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Sexual Health Guide

Written by Ada’s Medical Knowledge Team

Updated on

STD stands for sexually transmitted disease. This is an umbrella term for a number of conditions that are caused by viruses, bacteria, and parasites that get transferred from one person to another through oral, vaginal, and anal sex.

These conditions may be grouped under the same umbrella term, but they’re not all the same. Each STD has its own symptoms, needs its own specific treatment, and can cause different complications. What they all have in common is how you can prevent them. The best way to prevent an STD is to always use a condom the correct way, to talk openly with your partner about their sexual habits, and to get tested regularly.[1][2]

What is an STD?

STDs are a number of diseases that can be spread from one person to another through oral, vaginal and anal sex. They are caused by a virus, bacteria or parasite that is transmitted from one person to another.[1][2]

STDs are quite common and lots of people with an STD don’t know they have one. This is because STDs can be present for a long time without showing any symptoms.

Most STDs can be treated easily when treatment is started early. Untreated infections, on the other hand, may progress and put your health at serious risk. Infertility, cancer and a higher chance of other infections are possible complications of STDs. On top of that, undiagnosed and untreated STDs put sexual partners at risk too.[1][2]

The most effective way to avoid getting an STD is by practising safe sex using a condom and by talking to your partner about their sexual health. There’s also a vaccine available for hepatitis B and HPV.

If you think that you might be at risk of an STD, even if you’re not experiencing any symptoms, it’s important to get tested so that you know your status. The earlier an STD gets diagnosed, the better the outcome.[1][2]

What are typical STD symptoms?

STDs often present themselves as genital warts or ulcers and abdominal pain. Many people experience pain during sex or pain when urinating.

Symptoms of an STD in women are often vaginal discharge and unusual vaginal bleeding. STD symptoms in men may include urethral discharge or a burning sensation in the urethra. The urethra is the tube which allows urine to pass out of the body.

Besides these more general symptoms, most STDs present with specific symptoms. There are also many cases where infected people don’t show any signs of the infection.[2][3]

How are STDs transmitted?

STDs can be transmitted from an infected person to anyone, so it’s important to always practise safe sex. They can be transmitted in various ways, depending on the STD.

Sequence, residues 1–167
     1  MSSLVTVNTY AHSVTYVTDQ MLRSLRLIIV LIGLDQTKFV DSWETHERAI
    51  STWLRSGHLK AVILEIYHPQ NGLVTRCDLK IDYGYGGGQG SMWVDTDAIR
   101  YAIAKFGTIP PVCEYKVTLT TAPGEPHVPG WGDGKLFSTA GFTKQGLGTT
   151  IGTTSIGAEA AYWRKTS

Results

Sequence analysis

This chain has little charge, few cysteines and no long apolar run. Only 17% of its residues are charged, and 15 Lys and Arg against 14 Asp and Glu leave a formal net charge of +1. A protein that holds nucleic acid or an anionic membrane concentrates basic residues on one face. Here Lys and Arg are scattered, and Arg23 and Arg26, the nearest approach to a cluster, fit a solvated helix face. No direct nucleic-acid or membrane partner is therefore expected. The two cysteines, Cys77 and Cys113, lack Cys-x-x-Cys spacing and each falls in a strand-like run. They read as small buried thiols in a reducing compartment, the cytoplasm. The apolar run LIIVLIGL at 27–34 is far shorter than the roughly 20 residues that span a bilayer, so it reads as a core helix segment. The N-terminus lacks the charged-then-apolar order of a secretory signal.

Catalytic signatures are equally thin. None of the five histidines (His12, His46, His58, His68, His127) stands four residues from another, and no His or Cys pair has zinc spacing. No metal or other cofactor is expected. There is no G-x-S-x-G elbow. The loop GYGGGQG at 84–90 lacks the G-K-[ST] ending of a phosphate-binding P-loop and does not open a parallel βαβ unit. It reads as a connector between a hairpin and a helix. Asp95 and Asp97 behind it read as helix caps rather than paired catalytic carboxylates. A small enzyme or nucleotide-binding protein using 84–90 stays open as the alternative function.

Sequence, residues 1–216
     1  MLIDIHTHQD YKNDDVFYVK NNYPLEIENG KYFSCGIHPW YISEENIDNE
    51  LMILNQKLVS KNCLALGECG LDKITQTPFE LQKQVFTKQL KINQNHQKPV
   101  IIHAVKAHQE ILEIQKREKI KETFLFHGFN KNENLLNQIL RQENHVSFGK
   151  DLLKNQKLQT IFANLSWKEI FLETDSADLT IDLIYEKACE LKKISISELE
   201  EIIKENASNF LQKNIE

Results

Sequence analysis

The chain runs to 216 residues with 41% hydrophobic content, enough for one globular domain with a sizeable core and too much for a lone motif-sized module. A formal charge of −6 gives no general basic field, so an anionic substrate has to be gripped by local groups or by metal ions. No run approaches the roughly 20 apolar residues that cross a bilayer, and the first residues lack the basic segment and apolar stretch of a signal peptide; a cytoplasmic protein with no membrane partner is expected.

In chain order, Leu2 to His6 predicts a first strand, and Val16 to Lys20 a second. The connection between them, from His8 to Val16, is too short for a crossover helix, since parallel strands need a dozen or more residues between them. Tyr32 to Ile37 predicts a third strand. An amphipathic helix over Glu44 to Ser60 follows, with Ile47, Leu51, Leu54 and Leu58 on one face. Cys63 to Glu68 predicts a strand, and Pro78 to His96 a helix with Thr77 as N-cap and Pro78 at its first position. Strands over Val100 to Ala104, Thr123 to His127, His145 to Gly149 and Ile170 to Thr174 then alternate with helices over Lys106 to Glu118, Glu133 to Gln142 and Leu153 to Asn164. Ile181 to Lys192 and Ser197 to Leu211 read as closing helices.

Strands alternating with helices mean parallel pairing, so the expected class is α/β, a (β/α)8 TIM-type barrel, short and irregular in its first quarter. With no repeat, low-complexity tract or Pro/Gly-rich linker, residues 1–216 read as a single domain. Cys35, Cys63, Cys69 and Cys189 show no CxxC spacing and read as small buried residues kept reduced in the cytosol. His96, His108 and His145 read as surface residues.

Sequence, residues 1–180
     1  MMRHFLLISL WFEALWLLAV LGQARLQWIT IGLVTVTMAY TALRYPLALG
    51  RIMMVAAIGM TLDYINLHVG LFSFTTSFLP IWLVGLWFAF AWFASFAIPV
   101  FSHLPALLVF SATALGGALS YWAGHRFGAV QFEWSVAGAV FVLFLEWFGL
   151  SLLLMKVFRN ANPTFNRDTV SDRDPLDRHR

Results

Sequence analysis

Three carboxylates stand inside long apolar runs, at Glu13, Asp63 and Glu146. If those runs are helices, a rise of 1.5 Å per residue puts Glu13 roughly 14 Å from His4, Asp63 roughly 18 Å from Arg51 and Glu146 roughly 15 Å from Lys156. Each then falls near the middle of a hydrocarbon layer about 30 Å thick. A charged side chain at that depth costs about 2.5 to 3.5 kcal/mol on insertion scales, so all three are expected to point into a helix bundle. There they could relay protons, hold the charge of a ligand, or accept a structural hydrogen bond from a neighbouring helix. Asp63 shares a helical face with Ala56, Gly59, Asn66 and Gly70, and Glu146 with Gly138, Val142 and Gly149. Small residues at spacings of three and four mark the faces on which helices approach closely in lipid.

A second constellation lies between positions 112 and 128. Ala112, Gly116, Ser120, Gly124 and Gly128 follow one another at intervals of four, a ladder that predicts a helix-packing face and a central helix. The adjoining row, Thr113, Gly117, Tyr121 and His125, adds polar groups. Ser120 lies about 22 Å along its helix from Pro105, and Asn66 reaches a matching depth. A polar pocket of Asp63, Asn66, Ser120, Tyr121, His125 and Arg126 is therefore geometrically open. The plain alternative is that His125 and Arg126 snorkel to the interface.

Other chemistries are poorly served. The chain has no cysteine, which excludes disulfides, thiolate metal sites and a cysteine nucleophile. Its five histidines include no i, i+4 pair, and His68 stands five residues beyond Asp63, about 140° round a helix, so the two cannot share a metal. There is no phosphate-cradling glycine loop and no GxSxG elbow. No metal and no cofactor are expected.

They’re mostly transmitted through semen or other bodily fluids during oral, vaginal or anal sex. Some STDs can be transferred through blood, such as HIV and hepatitis B, which can happen if needles are shared.

There are also some STDs such as herpes and syphilis, which can be transmitted through saliva. This means you can also get these STDs from kissing. Some blood-borne sexually transmitted diseases may also spread through kissing if both partners have an open wound around the mouth. However, this is very unlikely.

STDs can also be spread from a mother to her child during pregnancy, childbirth or while breastfeeding.[1][2]

Which diseases are classified as STDs?

There are many conditions that can be transmitted through sexual contact. The most common ones are:

Chlamydia is a common STD which doesn’t cause any symptoms in most cases. If there are symptoms present they can include discharge and pain while urinating. Chlamydia can cause many complications if left untreated.[4]

Gonorrhea, sometimes referred as “the clap”, is an STD that causes yellow discharge and pain while urinating.[5]

Hepatitis B is an inflammation of the liver caused by a virus that can be transmitted sexually. When left untreated, this infection can cause life-threatening complications.[6]

Genital herpes is an STD caused by a virus that causes painful blisters in the genital area. This virus stays dormant in the body and can cause outbreaks at moments when the immune system is down. The blisters may look like pimples as well and can spread beyond the genital area. This means that herpes can present itself as pimples on the buttocks, for example.[7]

HIV is a virus that attacks the immune system. This makes it harder for the body to fight off other bacteria and viruses. HIV can develop into AIDS over time.[8]

HPV is an STD as well. It’s the abbreviation for human papillomavirus and it’s one of the most common STDs. HPV goes away on its own in most cases, but in other cases it can also cause genital warts and cancer.[9]

Syphilis starts off as a painless sore or multiple sores that go away. After that, you might notice a rash on your skin, often accompanied by symptoms such as fever, fatigue and headaches. If untreated, syphilis can spread to vital organs such as the eyes, the brain and the heart. This can even happen decades after the infection first takes place.[10]